Sohmer Park

Photos Courtesy McCord Museum

“This picture shows a small part of the switching yard of Viger Station in 1910. Several blocks of the working-class Ste. Marie neighbourhood had just been demolished to enlarge these facilities. An old section of Notre Dame Street (northeast of Old Montreal) had been demolished. In the background, Sohmer Park can be seen, with its concert hall and its big trees. The park, which became more and more an integral part of the industrial environment, would be closed in 1919.” From McCord Museum archives.

The “refreshment tables”. One of the articles below refers to Sohmer Park as being a live Seurat painting. Indeed!

A brief history of Sohmer Park.

Louis Cyr was among the many performers there.

And this page looks at the dance and dress of the times.


12 responses to “Sohmer Park

  1. I had never heard of Sohmer Park till now. In the first photo it states that you can see the concert hall and large trees, but I can’t make it out. Do you by chance have any other photos that might better show this area?

    Much appreciated


  2. Could it be that big building with Derry5 written on it is the back of the concert hall? The dark area around it could be the trees. I have yet to find a better photograph showing the relationship of the rail yards to the park, but will keep an eye out!


  3. Could it be that Sohmer Park is right where the Old Port is located today? Or is it up toward the Radio Canada tower? Did the Bonsecours Wharf exist at the time these photos were taken? What about the Molson clock tower?

    I suspect that what we are seeing is further east of the Old Port than the descriptions given, but the photos have me turned around.

  4. In the first article above it says, “Lavigne rented the historic property located between the St Lawrence shoreline and Salaberry, Notre-Dame, and Panet streets”. That gives a good idea of how east it was, not what we call the Old Port area at all, but not that far from a lot of action.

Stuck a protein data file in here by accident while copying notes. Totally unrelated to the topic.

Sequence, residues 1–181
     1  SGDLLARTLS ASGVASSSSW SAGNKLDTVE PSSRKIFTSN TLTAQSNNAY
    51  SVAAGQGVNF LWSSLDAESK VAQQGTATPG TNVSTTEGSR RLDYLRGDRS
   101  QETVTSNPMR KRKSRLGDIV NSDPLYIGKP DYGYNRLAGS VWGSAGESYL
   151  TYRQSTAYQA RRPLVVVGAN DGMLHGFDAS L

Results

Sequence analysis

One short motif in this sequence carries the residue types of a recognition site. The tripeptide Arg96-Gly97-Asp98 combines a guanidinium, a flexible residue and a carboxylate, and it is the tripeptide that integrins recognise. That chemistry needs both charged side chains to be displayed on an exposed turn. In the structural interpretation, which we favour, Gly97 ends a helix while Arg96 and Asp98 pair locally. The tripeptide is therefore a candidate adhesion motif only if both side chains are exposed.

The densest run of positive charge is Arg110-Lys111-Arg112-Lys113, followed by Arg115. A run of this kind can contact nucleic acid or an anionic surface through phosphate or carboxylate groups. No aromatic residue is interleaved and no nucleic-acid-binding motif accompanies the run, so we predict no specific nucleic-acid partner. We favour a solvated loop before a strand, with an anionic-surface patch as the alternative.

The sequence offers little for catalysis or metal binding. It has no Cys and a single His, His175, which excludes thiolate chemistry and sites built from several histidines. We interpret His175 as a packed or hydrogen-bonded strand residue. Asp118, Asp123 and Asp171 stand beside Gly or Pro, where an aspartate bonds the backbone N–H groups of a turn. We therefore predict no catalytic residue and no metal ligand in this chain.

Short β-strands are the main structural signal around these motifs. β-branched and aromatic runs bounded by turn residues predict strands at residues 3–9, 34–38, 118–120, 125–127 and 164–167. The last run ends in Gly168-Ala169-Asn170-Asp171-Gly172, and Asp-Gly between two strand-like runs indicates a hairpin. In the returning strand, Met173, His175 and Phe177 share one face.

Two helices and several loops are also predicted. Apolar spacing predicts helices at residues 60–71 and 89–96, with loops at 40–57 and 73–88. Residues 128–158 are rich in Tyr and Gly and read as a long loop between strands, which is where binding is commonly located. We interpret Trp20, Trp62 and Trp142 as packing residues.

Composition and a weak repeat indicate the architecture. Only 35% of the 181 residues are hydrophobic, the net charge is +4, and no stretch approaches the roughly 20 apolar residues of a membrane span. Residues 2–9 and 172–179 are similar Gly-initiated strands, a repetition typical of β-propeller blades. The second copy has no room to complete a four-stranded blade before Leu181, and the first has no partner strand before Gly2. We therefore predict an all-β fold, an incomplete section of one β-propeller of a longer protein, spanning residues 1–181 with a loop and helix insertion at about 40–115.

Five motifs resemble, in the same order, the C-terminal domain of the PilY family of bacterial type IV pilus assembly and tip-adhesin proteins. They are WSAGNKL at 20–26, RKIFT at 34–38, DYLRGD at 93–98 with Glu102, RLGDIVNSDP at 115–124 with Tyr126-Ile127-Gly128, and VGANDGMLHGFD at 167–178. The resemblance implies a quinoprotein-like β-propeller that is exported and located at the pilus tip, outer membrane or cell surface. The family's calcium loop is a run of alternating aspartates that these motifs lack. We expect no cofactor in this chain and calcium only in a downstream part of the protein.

5. So I should have read the linked articles first I see. As I suspected, Sohmer Park went as far east as what is today Radio Canada. There were probably ‘concert trains’ that ran to Viger Sta on special evenings for park-goers.

    Some of the pavillions described remind me of Parc Lafontaine and what they have in Chicago, the more linear Grant Park.

    Seems to me that urbanist histories should mention the periodic and severe economic cycles from 1820 up to the 1940s to understand some of the ups and downs experienced by developers. When the economic picture was rosy, there were massive investments everywhere. I just read that toward the tail-end of the Klondike gold rush, after the 1899 bust and shift in interest in Nome, Alaska instead, CP Rail (I forget the BC name for it) invested 10 million dollars to extend a line into the Yukon River Valley crossing massive casms and peaks to get to the gold.

    Of course, even the timing of the world wars was related to economic boom and bust, so the fate of urban speculations seems almost secondary.

  6. Neath, you are probably correct about the ‘Derry5’ being the pavillion as I just read in the link provided that it held 7000 and was enclosed for winter use. That is a fair size and may well explain the large size of that Derry5 building which I would never has guessed was a pavillion.

  7. Look at the Lachine Canal areas that have seen so much condo development in the last 20-25 years. Prior to 1980 you just about couldn’t pay people to live along the Canal – it was dominated by neighborhoods people dreamed of getting out of. Ironically a lot of its industrial past is still the most interesting stuff. The architecture was an eclectic mix of the eccentric and the awesome and the condo projects have no more staying power than apartment complexes from the 50’s and 60’s did at the time.

  8. yeah, well at least most of those interesting industrial buildings have been saved from the wreckers ball having been transformed into condo’s…. I once looked at a condo in the Belding Corticelli buiding and it was quite nice. They even kept the interior wooden(?) pillars and incorperated them into the hallway walls. Kinda wish I had bought a the time as a nice end unit was like 130,000$… can only imagine what it is now.. too much probably.

  9. Some of them were very nicely integrated. I am thinking more of the “bloat” that tends to fan out from there like along where the tracks used to run under the viaducts at Guy and Mountain.

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